5 [The view here indicated, that this citation was part of the angelic message, is not generally held (but see J. A. Alexander in loco). It seems to me inconsistent with the last clause of verse 23: “which is, being interpreted,” etc.—R.] 6 [ “Unless,” is not found in the Mss., but inserted by the editors as necessary to the sense.—R.] 7 [ “Prophet” is the correct rendering; the plural in the Oxford version is probably due to a typographical error.—R.] 8 Is 8,3. [Chrysostom does not use the Hebrew name here, but simply repeats a part of the Greek phrase used to translate Maher-shalal-hash-baz in the LXX., which he had already given in the previous sentence: Tacevw” skuvleuson, ojxevw” pronovmeuson. The R. V). in loco does not accept the imperative rendering, but gives this marginal explanation: “That is, The spoil speedeth, the prey hasteth.”—R.] 9 Is 1,26-27.
10 [Supplied by translator literally, “it speaks.”—R.] 11 i. e., Aquila who flourished A. D. 128, Theodotion, A.D. 175, Symmachus, A.D. 201: who were all of them Jews or Judaizing heretics. Cave, Hist. Lit. 1,32, 48, 64).
12 [This reference to the “agreement” of the LXX. seems to indicate an acceptance of the current tradition in regard to the supernatural exactness of that version.—R.] 13 Ps 148,12.
14 Dt 22,17. In our translation, “the betrothed damsel cried.” This place is cited by St. Jerome on Mt with reference to the same argument).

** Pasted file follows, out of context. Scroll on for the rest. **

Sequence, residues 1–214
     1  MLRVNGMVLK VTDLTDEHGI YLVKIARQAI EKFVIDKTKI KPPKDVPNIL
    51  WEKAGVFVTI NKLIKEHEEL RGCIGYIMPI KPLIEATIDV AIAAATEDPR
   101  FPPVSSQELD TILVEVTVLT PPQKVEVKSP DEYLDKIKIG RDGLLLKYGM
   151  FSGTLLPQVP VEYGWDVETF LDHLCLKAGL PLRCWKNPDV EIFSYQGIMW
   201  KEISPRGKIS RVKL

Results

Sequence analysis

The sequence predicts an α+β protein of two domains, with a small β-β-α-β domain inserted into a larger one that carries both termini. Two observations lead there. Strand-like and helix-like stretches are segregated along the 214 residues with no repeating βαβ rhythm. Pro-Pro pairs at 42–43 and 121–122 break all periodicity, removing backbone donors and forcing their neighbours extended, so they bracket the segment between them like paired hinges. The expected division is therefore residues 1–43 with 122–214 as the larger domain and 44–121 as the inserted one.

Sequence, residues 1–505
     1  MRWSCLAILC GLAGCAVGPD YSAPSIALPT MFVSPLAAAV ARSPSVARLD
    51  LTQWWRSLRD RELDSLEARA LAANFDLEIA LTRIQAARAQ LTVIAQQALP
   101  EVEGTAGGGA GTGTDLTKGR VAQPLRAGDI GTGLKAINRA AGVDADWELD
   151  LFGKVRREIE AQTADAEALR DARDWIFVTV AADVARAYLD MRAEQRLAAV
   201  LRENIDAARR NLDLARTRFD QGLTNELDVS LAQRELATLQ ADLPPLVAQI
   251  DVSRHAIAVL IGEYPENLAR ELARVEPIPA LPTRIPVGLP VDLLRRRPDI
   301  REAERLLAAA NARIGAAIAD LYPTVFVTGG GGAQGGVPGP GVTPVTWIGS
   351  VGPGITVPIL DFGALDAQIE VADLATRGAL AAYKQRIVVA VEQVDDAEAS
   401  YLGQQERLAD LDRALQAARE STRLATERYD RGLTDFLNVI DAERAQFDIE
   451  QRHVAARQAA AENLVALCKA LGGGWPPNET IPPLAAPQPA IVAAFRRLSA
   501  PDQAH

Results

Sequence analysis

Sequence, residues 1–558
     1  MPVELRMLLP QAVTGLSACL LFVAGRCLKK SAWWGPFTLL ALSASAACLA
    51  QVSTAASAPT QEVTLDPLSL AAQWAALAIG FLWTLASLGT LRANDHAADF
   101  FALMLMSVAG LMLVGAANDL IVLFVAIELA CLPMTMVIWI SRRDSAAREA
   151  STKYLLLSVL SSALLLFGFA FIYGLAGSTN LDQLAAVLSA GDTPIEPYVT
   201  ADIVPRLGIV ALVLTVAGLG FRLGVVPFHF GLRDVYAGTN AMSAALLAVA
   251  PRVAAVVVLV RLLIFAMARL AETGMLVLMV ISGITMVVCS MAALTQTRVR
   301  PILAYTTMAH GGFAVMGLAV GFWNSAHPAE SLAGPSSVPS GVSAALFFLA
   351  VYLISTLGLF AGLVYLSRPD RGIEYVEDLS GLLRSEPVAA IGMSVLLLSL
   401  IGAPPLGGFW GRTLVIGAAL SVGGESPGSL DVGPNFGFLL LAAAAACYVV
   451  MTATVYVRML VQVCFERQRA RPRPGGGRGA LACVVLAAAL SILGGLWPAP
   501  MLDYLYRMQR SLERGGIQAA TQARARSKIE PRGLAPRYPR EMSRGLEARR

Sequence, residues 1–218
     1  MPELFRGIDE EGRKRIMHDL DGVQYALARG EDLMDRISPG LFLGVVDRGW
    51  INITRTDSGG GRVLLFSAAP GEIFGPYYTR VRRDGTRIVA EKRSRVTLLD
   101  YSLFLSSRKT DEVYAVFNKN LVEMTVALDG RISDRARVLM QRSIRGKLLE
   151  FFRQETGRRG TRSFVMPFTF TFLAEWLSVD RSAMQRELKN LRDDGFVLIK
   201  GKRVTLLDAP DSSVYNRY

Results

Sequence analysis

15 Is 7,14.
16 [There is no indication here of any knowledge of the reading found in the oldest authorities of every class (uncials, cursives and versions): e[teken uiJovn, instead of e[teken to;n miJov to`n prwtovtokon . The latter is the reading of all authorities in Lc 2,7.—R.] 17 Gn 8,7).
18 Ps 90,2.
19 Ps 72,7.
20 Jn 19,27.
21 Jn 7,5). [In regard to the “brethren of our Lord,” there seems to be some confusion in the statements of Chrysostom : Comp. Hom. LXXXVIII., on chap. 27,55, 56. The digression here to the character of James seems intended to divert from the historical discussion.—R.] 22 Ac 15,4 Ac 16,4 Ac 21,18.
23 See Hegesippus in St. Jerome de Viris Illustr., c. 2).
24 Ac 21,20; see also verse 22).
25 [ajndeivan, “manliness.”—R.] 26 ejpeikei`”).
27 [ Ps 49,7). [This is the rendering of the LXX.—R.] 28 ka]n h\/, “even if it were.”—R.] 29 Jr 11,14.
30 Jr 15,1.

[1] “Jesus” was a name know among the People of Israel and sometimes it was imposed to a son. In this case, however, it is the Son who- according with the divine promise- will fulfill the meaning of the name: Jesus- Yehossua that means God saves.

[2] Origen, “Homilies on Psalms”,74

[3] Saint Matthew uses the translation of the LXX that utilize parthenos (virgin) to indicate the Jewish term ‘alma that means young woman

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Archbishop Francesco Follo

Monsignor Francesco Follo è osservatore permanente della Santa Sede presso l'UNESCO a Parigi.